2 Iraqi detainees plead not guilty after cutting their tethers to evade deportation
Detroit — Two Iraqi nationals from Michigan who cut off their tethers to evade deportation were arraigned Tuesday on charges of hampering their removals, to which they pleaded not guilty.
Ali Al-Sadoon, 33, of Redford Township and Wisam Hamana, 39, of Warren were both arraigned in federal court in front of Judge Mona K. Majzoub on one charge of interfering with their deportations. They face up to four years of’ imprisonment and a $250,000 fine.
Shanta Driver, who represents 23 Iraqi nationals with removal orders, including Al-Sadoon and Hamana, said these are the closest death-penalty cases she's ever worked on and plans on taking them to trail.
"This is a big overreach on part of the government," Driver said. "I think we have a big chance of winning at trial. We need to try them because it needs to become clear to the nation that the government is taking people for whatever minor crimes from their past and now imposing a death sentence on them."
The men are being deported for committing crimes the government believes violate U.S. immigration laws. They are more vulnerable to deportation after being released from detention because their immigration cases were denied and they are seeking emergency stays so they can appeal their cases.
The ACLU of Michigan has argued in federal court, where the detainees' fates have played out for the past two years, against repatriation to Iraq because, it says, if the men are sent back, they face torture or death because of their Christian faith, for having served in the U.S. military or for seeking U.S. asylum.
Gina Balaya, a spokeswoman for the U.S. Attorneys Office, said the men's detention has been continued following their arraignments Tuesday.
"People who are lawfully ordered to be deported who then obstruct their deportation by cutting off monitoring devices (tethers) or fleeing from ICE are subject to criminal prosecution, and so is anyone who harbors, transports, or conceals such fugitives,” said U.S. Attorney Matthew Schneider. “Our office will not turn a blind eye to anyone who cuts off a tether, or who assists someone in doing so.”
ICE, meanwhile, is expediting deportations before that can happen, Driver said.
Al-Sadoon is facing criminal charges for ditching his tether in July in Detroit on the day he was supposed to be deported in addition to removal orders for breaking and entering, for which he was sentenced in 2013.
Al-Sadoon was arrested at his home on July 26 by ICE officials who were "busting down the door and holding guns pointed" at him while his six children were holding on to him, said his wife, Belqis Florido. ICE had a different version of events in Al-Sadoon's recent arrest.
Driver and Florido said in 2010, Al-Sadoon's brother was kidnapped at the airport in Iraq and was never heard from again.
Immigration officials also charged Hamana, who spent 18 months in detention for his criminal record and a standing deportation order. He was briefly released on supervision and was redetained for cutting his tether.
Hamana's case is one of the most typical. The Chaldean Christian came to the U.S. as a refugee at 3-years-old and grew up in Detroit and moved to Warren with his family.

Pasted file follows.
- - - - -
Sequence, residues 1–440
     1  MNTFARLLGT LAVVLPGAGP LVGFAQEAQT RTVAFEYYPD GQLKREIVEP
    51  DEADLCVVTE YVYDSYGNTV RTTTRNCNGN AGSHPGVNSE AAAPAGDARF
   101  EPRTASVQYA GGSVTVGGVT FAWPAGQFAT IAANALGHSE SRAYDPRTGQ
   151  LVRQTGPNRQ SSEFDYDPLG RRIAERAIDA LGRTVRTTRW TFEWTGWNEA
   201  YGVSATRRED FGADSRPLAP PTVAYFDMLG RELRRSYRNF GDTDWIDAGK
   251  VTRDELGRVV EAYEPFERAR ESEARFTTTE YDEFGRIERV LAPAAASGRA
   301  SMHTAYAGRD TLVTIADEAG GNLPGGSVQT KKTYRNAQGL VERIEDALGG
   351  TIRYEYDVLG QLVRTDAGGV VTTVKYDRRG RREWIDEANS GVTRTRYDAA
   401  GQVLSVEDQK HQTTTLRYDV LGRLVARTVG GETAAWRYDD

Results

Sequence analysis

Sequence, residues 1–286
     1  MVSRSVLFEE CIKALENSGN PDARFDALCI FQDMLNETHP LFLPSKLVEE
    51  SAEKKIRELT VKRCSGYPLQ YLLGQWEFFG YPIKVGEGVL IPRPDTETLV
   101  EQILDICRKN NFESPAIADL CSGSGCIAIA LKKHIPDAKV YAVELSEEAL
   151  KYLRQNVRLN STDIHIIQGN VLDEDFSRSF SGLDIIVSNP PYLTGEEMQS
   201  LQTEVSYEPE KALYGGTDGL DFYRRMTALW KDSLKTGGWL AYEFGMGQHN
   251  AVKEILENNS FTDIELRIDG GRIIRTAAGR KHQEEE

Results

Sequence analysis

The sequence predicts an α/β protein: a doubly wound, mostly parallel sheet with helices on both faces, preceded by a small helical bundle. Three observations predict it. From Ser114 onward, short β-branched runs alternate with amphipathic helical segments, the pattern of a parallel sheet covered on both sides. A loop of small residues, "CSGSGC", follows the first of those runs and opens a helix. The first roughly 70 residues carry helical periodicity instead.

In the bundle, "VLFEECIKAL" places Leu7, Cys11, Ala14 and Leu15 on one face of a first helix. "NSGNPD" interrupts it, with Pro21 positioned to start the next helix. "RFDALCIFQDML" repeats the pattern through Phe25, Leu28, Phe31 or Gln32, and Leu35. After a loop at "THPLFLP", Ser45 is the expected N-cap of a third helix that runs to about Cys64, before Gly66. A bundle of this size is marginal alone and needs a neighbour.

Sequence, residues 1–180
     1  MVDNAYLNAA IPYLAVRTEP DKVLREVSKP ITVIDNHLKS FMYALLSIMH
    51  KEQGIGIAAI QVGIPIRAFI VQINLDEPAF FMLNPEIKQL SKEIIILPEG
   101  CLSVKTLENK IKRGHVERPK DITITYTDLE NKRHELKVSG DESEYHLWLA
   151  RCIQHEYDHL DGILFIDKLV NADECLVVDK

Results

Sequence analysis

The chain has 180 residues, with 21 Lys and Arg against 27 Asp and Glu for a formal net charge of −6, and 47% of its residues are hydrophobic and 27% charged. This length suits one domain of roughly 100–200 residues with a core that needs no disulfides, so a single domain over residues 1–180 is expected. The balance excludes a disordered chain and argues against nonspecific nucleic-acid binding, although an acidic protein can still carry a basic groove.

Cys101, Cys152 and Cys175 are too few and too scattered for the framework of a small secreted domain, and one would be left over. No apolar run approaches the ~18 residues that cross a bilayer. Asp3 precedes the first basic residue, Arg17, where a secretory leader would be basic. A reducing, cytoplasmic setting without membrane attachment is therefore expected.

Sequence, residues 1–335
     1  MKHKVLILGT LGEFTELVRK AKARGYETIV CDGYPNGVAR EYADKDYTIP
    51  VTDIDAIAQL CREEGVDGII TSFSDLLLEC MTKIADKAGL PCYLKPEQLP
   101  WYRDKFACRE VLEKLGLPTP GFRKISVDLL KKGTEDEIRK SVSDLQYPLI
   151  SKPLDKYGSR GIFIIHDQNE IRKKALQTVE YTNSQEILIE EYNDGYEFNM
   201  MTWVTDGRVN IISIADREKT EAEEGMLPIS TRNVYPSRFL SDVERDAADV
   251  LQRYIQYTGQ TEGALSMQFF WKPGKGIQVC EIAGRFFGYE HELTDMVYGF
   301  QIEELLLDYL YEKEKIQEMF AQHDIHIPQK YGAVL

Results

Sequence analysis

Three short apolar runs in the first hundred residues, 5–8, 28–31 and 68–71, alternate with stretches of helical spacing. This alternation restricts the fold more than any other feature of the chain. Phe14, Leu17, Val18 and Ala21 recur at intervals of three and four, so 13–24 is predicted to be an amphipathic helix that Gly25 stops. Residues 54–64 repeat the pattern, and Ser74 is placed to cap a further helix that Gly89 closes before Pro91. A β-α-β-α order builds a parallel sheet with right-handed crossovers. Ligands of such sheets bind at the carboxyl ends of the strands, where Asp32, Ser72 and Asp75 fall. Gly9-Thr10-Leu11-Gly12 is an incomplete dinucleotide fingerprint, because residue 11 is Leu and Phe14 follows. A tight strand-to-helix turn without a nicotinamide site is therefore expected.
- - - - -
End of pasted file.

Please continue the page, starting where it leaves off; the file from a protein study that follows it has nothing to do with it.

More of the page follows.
Like Al-Sadoon, Hamana cut his tether fearing deportation after his cousin was kidnapped and murdered in Iraq in 2012, family said.
His sister, Kristina Hamana, said their entire family, including his 10-year-old son, is in Michigan.
"We don't have any family in Iraq. All Iraqi Christians have fled because of what's going on there, and our family we have has scattered to Germany and California," said Kristina Hamana, 35. "Anyone in their right mind would do what he did."
Iraqi detainees gained international attention after a homeless refugee from Detroit was found dead after he was deported to Iraq. Jimmy Al-Daoud, who they say was a bipolar schizophrenic and diabetic, had been living on the streets in Baghdad when he died. He was 41 years old.
Kristina Hamana called on lawmakers to enact change, saying: "Something has to change or we're going to have another case like Jimmy. Do they not care that people are dying? That could have been my brother."
Both men spent more than a year in detention after being picked up in raids across Metro Detroit in June 2017 following President Donald Trump's executive orders barring admission into the U.S. of nationals from seven countries, including Iraq.
Drive said at least seven refugees have cut their tethers and two additional men, who were detained Sunday for removing their monitors, appeared in federal court Tuesday to begin their cases. She said the refugees cut their tethers because they "get to a point of desperation."
ICE officials said cutting off the tethers has forced the agency to detain the men again and file federal charges for the act.
"Removing GPS tracking devices could expose aliens to violations of their reporting requirements, federal criminal charges and prolonged detention," ICE said.
The courtroom on Tuesday was packed with families, protesters and government officials who were interested in seeing the outcome of their cases.
A small group of protesters with By Any Means Necessary gathered outside the federal courthouse on Lafayette before the hearing chanting, "No more death by deportation, free our people now."
"So long as they are concentration camps at the border and people keep getting sentenced to their deaths, I'll be protesting out here on their behalf," said Shawn Vaughn, 27, of Detroit. "Trump needs to be impeached. We can't sit back and let this happen."